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BL Additional MS 61823, described by S. B. Meech (BMK pp. xxxii–xlvi).


Here begynneth a shorte treatyse of contemplacyon taught by our lorde Ihesu cryste, or taken out of the boke of Margerie kempe of lynn .... Here endeth a shorte treatyse called Margerie kempe de Lynn. Enprynted in fletestrete by Wynkyn de worde. Wynkyn de Worde, probably 1501, no title page, no colophon, STC 14924, Cambridge University Library, Sel. 5, 27 (BMK App. II, pp. 353–357).

Re-issued by Henry Pepwell, 1521, in anthology of mystical texts, with heading expanded to conclude .... Margerie kempe ancresse of lynn, and final sentence .... Here endeth a shorte treatyse of a deuoute ancres called Margerye kempe of Lynne. STC 20972, BL C. 37 (variants given in BMK App. II, pp. 353–357).

Pepwell’s anthology modernised and reprinted in The Cell of Self-Knowledge: Seven Early English Mystical Treatises Printed by Henry Pepwell in 1521, ed. by E. G. Gardner (1910), pp. 49–59.


The Book of Margery Kempe, Vol. I, ed. S. B. Meech with prefatory note by H. E. Allen and notes and appendices by S. B. Meech and H. E. Allen, EETS OS 212 (1940). Corrections by H. E. Allen in letter to the Times Literary Supplement, 22 March 1941, p. 139.

Allen’s notes for second unpublished volume held with loose papers, unnumbered, at Bryn Mawr College, Pennsylvania.

The Book of Margery Kempe, ed. L. Staley, TEAMS Middle English Texts Series, (Kalamazoo, Mich: Medieval Institute Publications, 1996).

Extracts from the text included in several anthologies: e.g. Women’s Writing in Middle English, ed. A. Barratt (London, 1992); English Mystics of the Middle Ages, ed. B.Windeatt (Cambridge, 1994).

Modern English version by last private owner of manuscript: The Book of Margery Kempe, 1436, W. Butler-Bowdon, with an introduction by R.W. Chambers (London, 1936; American reprint, New York, 1944; reprinted London, 1954, without date in title).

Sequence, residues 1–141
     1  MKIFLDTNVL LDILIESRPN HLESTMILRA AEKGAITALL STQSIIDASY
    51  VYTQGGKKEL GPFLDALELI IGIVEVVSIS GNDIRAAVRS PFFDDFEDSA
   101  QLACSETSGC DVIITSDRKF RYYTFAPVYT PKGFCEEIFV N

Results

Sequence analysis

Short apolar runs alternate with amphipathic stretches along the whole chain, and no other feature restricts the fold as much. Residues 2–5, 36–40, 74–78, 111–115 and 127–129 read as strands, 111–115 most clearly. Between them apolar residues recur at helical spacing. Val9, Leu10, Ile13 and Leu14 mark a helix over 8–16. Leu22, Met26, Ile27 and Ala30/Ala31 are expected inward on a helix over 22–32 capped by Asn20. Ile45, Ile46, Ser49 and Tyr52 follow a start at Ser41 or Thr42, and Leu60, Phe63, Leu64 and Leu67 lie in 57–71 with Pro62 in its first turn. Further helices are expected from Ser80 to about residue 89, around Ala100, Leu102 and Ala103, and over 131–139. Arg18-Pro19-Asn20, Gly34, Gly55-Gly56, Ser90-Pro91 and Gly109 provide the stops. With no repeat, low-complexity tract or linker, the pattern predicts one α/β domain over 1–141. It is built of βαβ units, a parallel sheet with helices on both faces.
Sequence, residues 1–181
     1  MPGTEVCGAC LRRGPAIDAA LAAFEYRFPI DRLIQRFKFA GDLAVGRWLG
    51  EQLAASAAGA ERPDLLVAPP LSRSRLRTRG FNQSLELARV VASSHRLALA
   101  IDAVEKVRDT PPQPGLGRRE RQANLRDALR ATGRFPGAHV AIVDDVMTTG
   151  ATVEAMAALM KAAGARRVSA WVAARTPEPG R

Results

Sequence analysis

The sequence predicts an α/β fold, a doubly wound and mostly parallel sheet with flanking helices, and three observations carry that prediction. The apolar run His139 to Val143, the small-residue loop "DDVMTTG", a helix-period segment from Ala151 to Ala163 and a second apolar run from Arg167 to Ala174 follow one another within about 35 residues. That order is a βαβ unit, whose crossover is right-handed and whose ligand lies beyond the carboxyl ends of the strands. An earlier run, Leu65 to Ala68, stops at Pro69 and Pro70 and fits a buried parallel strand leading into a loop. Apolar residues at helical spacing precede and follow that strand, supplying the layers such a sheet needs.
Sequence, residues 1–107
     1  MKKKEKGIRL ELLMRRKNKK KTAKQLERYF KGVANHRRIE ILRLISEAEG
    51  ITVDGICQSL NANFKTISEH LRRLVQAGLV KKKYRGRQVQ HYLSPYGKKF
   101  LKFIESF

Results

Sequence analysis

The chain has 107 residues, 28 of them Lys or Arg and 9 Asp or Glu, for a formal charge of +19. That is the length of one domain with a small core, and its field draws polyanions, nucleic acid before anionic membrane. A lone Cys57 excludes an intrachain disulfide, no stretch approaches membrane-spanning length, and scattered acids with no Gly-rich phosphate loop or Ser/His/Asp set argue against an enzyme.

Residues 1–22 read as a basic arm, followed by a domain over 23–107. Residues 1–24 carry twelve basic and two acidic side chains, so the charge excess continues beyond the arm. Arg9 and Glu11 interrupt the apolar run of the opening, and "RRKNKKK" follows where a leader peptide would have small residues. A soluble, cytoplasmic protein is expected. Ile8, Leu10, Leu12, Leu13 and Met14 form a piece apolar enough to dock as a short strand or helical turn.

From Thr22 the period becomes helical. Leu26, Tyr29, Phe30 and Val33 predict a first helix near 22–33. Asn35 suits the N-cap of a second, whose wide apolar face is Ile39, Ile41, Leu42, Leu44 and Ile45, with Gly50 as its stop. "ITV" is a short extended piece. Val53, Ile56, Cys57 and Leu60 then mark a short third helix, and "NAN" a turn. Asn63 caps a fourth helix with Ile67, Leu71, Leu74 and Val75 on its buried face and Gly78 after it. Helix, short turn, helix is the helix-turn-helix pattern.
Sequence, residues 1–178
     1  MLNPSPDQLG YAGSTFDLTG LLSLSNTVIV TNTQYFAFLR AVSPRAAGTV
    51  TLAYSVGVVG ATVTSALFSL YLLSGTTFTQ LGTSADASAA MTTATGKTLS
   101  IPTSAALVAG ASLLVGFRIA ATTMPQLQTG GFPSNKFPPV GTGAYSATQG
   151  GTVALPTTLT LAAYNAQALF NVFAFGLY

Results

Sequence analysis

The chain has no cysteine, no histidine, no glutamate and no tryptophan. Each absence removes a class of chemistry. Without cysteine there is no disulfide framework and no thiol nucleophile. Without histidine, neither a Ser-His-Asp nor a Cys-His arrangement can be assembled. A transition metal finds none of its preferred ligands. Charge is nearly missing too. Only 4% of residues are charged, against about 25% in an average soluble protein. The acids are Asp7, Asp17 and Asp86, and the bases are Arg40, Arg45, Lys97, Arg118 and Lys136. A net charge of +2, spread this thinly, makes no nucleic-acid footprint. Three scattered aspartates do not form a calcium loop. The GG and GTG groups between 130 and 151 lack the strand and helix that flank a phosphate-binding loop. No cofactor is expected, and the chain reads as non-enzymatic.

Modern English paperback version with introduction and notes: B. A. Windeatt, The Book of Margery Kempe (Harmondsworth, 1985; reprinted with updated bibliography, 1994). Modern English extracts in anthologies: e.g. Medieval Women’s Visionary Literature, ed. E. A. Petroff (New York, 1986); Medieval Women Writers, ed. K. Wilson (Athens, Ga., 1984).

Further popular translations and modern English renderings have been made. 
Translated extracts have appeared in anthologies in other languages.


The King’s Lynn Borough Archives (KL) are the main source of documentary evidence concerning the Brunham and Kempe families and other people mentioned in The Book of Margery Kempe. Relevant archives include: Holy Trinity Guild of Merchants’ minutes and accounts, and further minutes, statutes and accounts of religious guilds; Hall rolls and books; registers and enrolments of charters, deeds, wills, including RR, the late fourteenth-century Red Register of King’s Lynn, KL/C10/1, ed. H. Ingleby (1919–21), and the early fifteenth-century William Asshebourne’s Book, KL/C10/2 (not available when BMK was in preparation), ed. D. M. Owen, Norfolk Record Society XLVIII (1981),  and registers of freemen; court records, including Leet rolls; chamberlains’ accounts and, for isolated years, accounts of other borough officers.

The Norfolk Record Office (NRO) has further medieval deeds relating to Lynn properties, and wills proved in the local ecclesiastical probate courts. It also has an exchange of correspondence about Margery Kempe, her family, and possible lines of research, between H. E. Allen and H. L. Bradfer-Lawrence in 1944: NRO BL IV b (Margery Kempe).